The 5th district House race in Connecticut has all the makings of juicy political showdown: contenders Nancy Johnson and Jim Maloney are both incumbents from the opposite sides of the political aisle, and so far, insiders say, neither has the edge to win.

"Right now, we have the race as a toss up," said Nathan Gonzales of the Rothenberg Report, a campaign-tracking newsletter that picks Connecticut's incumbent vs. incumbent race as the one to watch this year.

Johnson, a Republican who has been representing the 6th Congressional District for 10 terms, saw her constituency rolled into the 5th Congressional District this year. That district, held by Democrat Maloney since 1996, is now trending Democrat, if only slightly, 52 percent to 48 percent of total registered voters.

"The redistricting commission made this as much of a 'fair fight' as they could," Gonzales said.

But will it be? In Washington, it has been called a "race of the moderates," as neither has shown compunction towards the hard-right or hard-left of their respective parties. But the buzz from both camps and in the state parties indicates that both will try to paint the other as the untrustworthy or inexperienced, lazy or extreme. In other words, the enemy.

Maloney spent Thursday attacking Johnson for standing idly by while The Stanley Works, one of the largest oldest toolmakers in the country, shipped jobs and contracts overseas. The tool maker sits in the heart of "The Hardware City," – New Britain – one of the Democratic strongholds in Johnson's old home turf.

Stanley Works announced Thursday that it was moving its corporate headquarters to Bermuda.

"Where was she? Nowhere to be seen," said John Olsen, the head of the state Democratic Party, as well as the head of the state AFL-CIO. "I think people have watched Nancy Johnson preside over the loss of good-paying jobs long enough."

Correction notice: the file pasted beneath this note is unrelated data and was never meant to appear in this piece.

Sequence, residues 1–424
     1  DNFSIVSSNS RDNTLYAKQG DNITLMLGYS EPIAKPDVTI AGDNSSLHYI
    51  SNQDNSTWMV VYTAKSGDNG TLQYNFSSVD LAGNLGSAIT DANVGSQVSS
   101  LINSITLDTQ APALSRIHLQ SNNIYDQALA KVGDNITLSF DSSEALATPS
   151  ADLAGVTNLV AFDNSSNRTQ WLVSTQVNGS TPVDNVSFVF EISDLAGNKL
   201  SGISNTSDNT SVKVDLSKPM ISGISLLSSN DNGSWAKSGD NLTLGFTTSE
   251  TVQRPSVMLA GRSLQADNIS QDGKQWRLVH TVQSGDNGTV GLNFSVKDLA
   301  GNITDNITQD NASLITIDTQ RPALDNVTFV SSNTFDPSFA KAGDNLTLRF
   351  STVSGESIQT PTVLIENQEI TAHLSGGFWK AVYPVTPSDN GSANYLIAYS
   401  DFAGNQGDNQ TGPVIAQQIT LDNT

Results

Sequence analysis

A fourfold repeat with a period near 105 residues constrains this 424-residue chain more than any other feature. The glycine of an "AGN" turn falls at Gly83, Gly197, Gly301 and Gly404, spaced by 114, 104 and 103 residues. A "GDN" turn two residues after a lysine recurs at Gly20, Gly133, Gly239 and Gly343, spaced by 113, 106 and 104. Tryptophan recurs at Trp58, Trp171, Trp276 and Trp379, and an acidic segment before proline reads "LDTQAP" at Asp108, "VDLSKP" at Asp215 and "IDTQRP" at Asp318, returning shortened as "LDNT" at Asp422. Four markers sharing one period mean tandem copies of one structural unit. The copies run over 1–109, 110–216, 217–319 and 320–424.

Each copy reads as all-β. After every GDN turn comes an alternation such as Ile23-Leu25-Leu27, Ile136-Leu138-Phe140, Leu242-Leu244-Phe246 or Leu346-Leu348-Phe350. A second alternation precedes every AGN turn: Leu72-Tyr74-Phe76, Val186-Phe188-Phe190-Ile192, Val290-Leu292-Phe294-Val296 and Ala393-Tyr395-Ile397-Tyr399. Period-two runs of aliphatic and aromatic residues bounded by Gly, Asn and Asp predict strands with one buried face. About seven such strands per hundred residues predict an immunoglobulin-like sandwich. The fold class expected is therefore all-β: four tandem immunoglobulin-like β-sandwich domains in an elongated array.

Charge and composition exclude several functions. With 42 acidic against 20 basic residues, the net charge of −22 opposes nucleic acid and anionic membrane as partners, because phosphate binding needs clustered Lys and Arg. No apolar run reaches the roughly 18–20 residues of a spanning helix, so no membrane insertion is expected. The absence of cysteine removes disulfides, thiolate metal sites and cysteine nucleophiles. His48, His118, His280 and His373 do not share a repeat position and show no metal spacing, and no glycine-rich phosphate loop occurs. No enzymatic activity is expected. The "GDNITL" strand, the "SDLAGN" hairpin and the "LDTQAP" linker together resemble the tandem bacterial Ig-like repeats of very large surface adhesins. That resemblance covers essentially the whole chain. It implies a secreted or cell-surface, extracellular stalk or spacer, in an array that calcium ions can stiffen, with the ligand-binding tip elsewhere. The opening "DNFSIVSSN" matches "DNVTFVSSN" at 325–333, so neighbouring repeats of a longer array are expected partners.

Johnson declined an interview for this story, but Republicans say the congresswoman has been quite successful in the last two decades in "bringing home the bacon" to the 6th district, which like Maloney's territory is a patchwork of rich and poor, conservative and liberal, urban and rural communities.

"This race is very competitive as you can well imagine. But one of the incumbents has a significant advantage," said Chris DePino, chairman of the state Republican Party. "Nancy Johnson has much more experience, she is much more adept at passing legislation than Congressman Maloney."

DePino said that Johnson's position on the House, Ways and Mean Committee, as well as her past endorsements from traditionally Democratic special interests like the League of Conservation Voters and the National Education Association, underscore her centrist standing and ability to represent the district well in Washington.

DePino said Maloney, who touts himself a moderate, is virtually a tool of big labor.

"The DNC is subsidiary of the AFL-CIO," he said. "A lot of moderate Democrats in this district are not involved in labor unions and they don't like what's on their agenda."

He and other Republicans are making hay of the fact that Maloney signed a term limits pledge that would force him to quit in 2004.

"He would be a lameduck congressman," said DePino.

"If that's the case, I'm waiting for them to say that Bush shouldn't run for re-election because he will be a lame duck," scoffed Maloney, who served as state senator for four terms before coming to Washington.

Maloney said he does support terms limits and will "keep my word" when the time comes.

He would rather focus on Johnson's votes with "the right wing leadership" on cutting taxes, hurting the environment and with the pharmaceutical companies against seniors.  He also accuses Johnson, who was chairwoman of the House ethics committee, of delaying until after the 1998 election the investigation of former Speaker Newt Gingrich, who admitted misleading the committee about his use of tax-exempt organizations to advance his political goals. 

But Johnson, having fought two nasty fights of her own against the Democrats in 1996 and 1998, has mainly stayed the course in moderate waters, voting against the Contract with America crime bill package and more recently voting against drilling in the Alaskan wildlife refuge.

"You aren't going to get 63 percent of the vote if people think you are a right-wing conservative, so it's not realistic," said Carl Forti, a spokesman for the National Republican Congressional Committee, referring to her 2000 re-election.

Whether that is true or not, Democrats in Johnson's old district see a winner in Maloney after years of unsuccessful challengers from the party. Unlike Johnson's previous opponents, Maloney has the ability to raise a lot more cash. And both are reported to have already broken the $1 million contribution range.

"Maloney has proven himself at winning close and tight races. If there is any Democratic wave – or even breeze – in this election, Johnson could be one of the first incumbents to lose in November," said Gonzales.